Weaknesses: No ability to leave notes for other team members. User experience can be a bit confusing at times - clicking links can lead around in circles. Limited asset types – very IP/host focused. 

Conclusion:  For anyone focused on identifying and reducing attack surface quickly, Randori should be on your shortlist.

Deployment and configuration

When an account is created, the necessary resources are provisioned automatically. Recon is entirely SaaS-based – initial setup and configuration activities can be done in a few minutes. Recon is one of only two ASM products tested that requires a second factor (TOTP in this case) to be set up during the account creation. 

The Randori platform is initially seeded with a single domain. It’s possible to add additional networks, domains, or hostnames as needed in the settings menu. Additional team members can also be added in the settings menu. Four roles are available: Recon, Attack, Admin, and Observer. The first two control access to Randori’s two primary products. The latter two control whether the account can manage settings and whether the account is read-only. 


After logging in, Randori presents the dashboard, which is a well-organized mix of high-level statistics and high-profile findings. In a big red box, "Top Priorities" are listed.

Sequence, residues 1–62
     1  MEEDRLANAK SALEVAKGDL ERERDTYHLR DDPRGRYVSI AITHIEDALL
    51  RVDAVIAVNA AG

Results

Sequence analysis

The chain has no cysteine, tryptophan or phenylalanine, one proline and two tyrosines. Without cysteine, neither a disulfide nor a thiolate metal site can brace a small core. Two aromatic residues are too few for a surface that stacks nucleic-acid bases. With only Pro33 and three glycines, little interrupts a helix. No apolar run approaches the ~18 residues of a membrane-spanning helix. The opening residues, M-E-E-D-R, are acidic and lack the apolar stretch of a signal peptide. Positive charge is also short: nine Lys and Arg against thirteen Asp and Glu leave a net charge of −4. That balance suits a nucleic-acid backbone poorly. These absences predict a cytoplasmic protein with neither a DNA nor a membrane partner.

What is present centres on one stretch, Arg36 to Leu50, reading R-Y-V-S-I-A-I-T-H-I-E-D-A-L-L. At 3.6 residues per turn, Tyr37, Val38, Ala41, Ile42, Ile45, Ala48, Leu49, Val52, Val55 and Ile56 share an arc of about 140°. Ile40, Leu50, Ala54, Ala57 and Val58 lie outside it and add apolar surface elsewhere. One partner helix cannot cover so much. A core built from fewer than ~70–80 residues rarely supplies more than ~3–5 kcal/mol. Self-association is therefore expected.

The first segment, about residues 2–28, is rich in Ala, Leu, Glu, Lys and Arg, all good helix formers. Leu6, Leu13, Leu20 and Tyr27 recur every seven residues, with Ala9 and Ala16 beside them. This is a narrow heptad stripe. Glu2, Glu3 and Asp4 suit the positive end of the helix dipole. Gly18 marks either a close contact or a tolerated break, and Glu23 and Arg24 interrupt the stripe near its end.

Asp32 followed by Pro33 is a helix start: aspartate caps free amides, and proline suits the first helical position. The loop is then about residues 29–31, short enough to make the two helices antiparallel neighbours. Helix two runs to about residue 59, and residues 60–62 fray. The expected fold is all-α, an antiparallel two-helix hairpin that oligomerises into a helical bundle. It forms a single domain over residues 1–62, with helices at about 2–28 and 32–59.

Figure 1 - Randori Dashboard 

Immediately, on this screen, we can see the number of targets and services discovered. In addition to top priorities, we can see a few of the more highly rated findings. Most of all, we see that tags are broadly used in the product (and to good effect).  

The automatically-applied tags are of particular interest. Under the heading of Characteristics is a mix of tags that would interest any penetration tester or red teamer. Websites with elements that provide valuable attack surfaces (login pages) or that signify an unmanaged or abandoned property (default pages, directory listings) are tagged accordingly. Some clever ideas show up here as well. A site tagged as having no cascading style sheets (CSS) could signify a bare-bones configuration interface with default credentials. An old copyright in the page footer could suggest an abandoned server running old, vulnerable software. 

The final column on the dashboard screen introduces a different kind of prepopulated tag – one that identifies assets that belong to popular cloud services. These tags also include certificate status (e.g. expired, about to expire)